There is no way on Earth he owned a drill before that afternoon. Unwrapping the cellophane on his Black & Decker, his cheery face had all the hopes and fears of someone who had seen it done before and it didn’t look so hard. My flatmate even asked him if he’d be up for assembling a utility shelf in the laundry, you know, given he had the tools already. He said of course he would, no problem at all, and perhaps it’s my memory playing tricks on me but I could swear he spread his legs apart an extra few inches to make room for what he believed were his massive swinging balls.
In my bedroom he gave the pitch-perfect performance of someone who’d seen a few home improvement shows. He measured the wall, then measured the blind, he used that wonderfully named tool the “spirit level”. He made marks on the wall in miniature Ikea pencil and asked me to do the same on the other side as he held the piece of doweling at his end. Probably in his mind this duet in DIY was some sort of ex-pat foreplay, and maybe he thought it was going well until one of the slats of my bed snapped under the weight of him. Unperturbed, he asked me to hold the screw while he drilled it into the wall, and I did, still blissfully under the impression that this dude knew what he was doing.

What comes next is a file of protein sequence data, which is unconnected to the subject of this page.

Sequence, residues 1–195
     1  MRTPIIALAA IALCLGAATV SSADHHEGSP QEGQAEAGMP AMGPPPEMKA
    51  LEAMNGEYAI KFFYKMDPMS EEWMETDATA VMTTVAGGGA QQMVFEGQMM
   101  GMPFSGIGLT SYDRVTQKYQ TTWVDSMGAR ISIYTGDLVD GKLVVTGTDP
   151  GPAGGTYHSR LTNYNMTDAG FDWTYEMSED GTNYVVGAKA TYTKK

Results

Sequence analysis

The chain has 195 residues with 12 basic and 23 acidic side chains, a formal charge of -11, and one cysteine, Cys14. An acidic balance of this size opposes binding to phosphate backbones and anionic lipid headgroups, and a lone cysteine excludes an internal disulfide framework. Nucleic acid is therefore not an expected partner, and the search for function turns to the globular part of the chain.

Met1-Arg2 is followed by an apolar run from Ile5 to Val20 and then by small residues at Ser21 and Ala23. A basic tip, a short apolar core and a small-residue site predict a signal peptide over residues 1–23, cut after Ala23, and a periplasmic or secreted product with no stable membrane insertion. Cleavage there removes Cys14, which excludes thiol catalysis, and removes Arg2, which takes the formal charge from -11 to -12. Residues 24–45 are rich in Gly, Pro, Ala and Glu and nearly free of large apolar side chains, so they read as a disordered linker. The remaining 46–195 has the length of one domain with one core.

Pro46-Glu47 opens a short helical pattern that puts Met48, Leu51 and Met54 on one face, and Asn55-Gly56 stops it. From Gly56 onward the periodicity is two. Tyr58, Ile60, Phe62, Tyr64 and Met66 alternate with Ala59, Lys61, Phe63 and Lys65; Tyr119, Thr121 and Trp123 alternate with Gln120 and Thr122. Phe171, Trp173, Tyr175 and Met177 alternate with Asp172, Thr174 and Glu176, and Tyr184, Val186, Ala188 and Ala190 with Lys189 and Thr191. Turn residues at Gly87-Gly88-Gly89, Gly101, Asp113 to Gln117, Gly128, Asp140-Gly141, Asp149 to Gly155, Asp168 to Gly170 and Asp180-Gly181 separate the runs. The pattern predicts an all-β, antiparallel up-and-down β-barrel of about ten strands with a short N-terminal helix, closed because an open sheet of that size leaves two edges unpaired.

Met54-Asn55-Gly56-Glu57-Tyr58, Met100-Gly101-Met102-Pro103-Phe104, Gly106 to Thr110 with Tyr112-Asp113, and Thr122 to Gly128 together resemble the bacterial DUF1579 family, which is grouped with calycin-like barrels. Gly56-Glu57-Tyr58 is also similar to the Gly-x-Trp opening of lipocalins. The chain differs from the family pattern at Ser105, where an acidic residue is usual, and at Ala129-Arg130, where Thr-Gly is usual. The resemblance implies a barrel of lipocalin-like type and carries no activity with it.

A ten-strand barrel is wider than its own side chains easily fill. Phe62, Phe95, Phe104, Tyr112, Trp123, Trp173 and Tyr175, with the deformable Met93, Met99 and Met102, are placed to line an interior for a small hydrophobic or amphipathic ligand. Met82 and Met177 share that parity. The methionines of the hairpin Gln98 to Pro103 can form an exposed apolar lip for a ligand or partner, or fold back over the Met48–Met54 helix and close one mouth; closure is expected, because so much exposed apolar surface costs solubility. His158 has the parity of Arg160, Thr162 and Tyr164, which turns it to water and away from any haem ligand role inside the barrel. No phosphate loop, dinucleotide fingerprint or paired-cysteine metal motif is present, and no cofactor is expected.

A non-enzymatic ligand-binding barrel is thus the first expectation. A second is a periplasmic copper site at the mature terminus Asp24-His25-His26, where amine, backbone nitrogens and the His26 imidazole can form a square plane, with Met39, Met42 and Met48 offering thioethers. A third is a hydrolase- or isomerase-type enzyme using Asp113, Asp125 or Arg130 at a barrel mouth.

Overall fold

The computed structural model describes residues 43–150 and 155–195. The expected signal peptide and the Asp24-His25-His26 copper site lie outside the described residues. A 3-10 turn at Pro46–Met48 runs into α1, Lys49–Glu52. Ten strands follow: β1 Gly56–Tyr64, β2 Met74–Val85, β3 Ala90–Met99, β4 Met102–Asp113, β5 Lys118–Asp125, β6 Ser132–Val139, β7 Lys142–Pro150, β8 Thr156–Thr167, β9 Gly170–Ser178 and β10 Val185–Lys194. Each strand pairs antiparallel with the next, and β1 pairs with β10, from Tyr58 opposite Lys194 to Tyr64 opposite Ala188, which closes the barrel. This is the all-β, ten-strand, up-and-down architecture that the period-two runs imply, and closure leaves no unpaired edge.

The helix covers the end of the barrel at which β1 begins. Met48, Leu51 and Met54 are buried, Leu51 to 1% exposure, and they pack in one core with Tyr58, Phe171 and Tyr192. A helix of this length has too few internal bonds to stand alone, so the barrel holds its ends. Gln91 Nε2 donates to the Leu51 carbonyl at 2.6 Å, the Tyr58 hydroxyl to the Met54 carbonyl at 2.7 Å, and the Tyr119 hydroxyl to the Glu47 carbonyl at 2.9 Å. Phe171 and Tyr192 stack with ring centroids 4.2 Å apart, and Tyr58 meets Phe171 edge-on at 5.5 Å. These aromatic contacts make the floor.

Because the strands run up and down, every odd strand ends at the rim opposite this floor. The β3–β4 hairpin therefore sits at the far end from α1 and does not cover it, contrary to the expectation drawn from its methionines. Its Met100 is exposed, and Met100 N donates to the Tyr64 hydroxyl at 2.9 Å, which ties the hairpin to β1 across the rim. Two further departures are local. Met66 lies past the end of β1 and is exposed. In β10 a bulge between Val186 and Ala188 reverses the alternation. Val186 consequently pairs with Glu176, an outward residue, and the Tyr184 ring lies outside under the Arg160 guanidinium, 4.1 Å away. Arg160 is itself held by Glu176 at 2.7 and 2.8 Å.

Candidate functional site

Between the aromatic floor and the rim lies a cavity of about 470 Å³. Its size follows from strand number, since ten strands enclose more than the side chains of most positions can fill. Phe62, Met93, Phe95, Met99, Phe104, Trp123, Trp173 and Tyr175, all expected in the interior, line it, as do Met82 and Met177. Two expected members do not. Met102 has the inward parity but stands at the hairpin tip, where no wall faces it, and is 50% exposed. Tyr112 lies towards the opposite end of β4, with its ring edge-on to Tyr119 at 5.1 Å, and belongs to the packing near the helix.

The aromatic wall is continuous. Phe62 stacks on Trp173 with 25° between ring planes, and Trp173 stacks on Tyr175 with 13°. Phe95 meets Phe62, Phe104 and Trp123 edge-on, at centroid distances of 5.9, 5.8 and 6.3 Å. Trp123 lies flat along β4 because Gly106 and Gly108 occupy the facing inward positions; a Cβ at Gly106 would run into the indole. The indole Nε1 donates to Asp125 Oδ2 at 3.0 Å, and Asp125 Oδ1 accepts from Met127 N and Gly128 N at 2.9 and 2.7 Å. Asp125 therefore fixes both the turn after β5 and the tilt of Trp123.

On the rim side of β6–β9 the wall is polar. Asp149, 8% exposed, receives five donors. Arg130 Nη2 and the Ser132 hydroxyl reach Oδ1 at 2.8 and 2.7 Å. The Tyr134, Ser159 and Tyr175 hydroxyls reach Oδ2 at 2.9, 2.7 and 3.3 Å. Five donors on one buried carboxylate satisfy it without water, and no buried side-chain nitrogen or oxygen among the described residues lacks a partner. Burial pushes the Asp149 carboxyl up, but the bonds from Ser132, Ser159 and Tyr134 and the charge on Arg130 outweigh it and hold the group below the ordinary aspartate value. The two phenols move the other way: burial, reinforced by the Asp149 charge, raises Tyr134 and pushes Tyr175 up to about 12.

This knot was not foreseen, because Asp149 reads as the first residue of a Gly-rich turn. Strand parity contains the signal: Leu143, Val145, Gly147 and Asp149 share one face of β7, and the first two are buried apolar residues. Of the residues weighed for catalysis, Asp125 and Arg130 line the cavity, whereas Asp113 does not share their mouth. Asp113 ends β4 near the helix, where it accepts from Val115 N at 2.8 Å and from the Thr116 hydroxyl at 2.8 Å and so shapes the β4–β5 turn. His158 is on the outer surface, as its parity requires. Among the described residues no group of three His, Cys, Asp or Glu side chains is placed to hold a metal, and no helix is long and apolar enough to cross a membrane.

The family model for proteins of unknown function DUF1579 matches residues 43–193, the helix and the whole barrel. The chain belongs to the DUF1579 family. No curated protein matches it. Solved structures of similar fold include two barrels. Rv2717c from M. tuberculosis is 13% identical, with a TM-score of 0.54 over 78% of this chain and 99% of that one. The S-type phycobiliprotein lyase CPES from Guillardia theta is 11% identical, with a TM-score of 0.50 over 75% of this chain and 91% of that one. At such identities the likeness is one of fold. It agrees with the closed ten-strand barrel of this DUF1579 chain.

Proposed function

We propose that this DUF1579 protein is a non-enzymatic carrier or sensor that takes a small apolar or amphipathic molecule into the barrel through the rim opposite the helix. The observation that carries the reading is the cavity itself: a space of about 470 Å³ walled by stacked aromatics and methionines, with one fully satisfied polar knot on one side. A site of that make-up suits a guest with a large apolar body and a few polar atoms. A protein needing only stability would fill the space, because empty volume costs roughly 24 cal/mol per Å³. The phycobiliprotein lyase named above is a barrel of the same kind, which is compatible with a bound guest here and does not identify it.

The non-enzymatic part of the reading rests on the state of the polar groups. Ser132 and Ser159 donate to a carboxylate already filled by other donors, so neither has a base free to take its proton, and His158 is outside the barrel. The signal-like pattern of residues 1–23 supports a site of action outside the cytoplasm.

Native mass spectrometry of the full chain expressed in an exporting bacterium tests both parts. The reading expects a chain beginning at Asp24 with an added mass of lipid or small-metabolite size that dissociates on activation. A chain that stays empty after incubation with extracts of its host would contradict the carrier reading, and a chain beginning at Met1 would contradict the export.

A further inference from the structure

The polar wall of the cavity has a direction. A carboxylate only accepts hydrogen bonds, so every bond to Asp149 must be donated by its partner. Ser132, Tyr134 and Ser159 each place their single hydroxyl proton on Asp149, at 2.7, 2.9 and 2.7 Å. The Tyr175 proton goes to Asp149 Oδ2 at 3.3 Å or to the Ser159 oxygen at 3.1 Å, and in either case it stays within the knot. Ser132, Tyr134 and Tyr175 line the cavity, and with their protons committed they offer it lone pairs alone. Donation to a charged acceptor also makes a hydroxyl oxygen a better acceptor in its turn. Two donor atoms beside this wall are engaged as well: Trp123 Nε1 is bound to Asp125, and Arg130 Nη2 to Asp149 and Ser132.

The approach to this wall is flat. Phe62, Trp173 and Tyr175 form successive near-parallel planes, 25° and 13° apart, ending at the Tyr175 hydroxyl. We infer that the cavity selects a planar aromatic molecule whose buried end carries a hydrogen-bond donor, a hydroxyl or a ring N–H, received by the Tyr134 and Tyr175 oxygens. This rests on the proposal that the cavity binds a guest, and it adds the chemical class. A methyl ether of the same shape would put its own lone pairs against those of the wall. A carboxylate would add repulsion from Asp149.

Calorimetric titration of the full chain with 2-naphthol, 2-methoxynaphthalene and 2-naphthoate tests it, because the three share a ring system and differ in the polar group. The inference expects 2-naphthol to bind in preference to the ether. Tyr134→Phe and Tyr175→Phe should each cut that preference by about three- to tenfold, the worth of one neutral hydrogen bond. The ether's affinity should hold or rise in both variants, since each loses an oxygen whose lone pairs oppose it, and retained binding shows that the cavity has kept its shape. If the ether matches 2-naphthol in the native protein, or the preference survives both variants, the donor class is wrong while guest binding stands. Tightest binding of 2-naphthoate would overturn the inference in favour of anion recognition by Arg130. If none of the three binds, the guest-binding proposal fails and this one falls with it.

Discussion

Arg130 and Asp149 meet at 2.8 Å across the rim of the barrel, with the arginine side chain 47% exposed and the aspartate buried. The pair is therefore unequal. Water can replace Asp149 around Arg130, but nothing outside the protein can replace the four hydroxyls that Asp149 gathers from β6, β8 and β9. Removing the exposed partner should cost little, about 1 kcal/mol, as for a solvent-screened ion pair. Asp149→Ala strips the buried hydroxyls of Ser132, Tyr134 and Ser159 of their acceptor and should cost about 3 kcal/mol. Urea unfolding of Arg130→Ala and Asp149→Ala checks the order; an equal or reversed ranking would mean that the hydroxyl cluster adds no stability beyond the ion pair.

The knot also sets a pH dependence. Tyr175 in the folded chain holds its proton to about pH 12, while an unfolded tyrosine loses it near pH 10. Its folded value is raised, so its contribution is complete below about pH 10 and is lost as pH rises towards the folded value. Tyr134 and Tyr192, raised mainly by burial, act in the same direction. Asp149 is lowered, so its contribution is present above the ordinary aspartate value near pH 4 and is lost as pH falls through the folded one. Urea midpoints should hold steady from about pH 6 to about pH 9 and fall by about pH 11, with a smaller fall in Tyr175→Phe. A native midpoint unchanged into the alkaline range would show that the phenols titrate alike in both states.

I learned a thing about drills that day and I feel it is in humanity’s best interests if I pass this higher knowledge on. Allow me to get technical: apparently there is a setting whereby you can set a drill to do a drill in the opposite direction of a drill, for undoing screws and such. As the business end of the power tool bounced off the head of the screw and wobbled a dangerous inch from my left eyeball, it became abundantly clear that our Australian handyman was about as familiar with the machine as I was. He resolved to hammer the screw into the wall. Above the terrifying sound of the plaster beginning to crack I shouted “Stop!” fearing an entire chunk of wall plopping weightily onto my pillow. “Nah, she’ll be right,” he insisted, before hammering away once more, pausing briefly as he fell, once again, through a previously unbroken slat on my bedframe.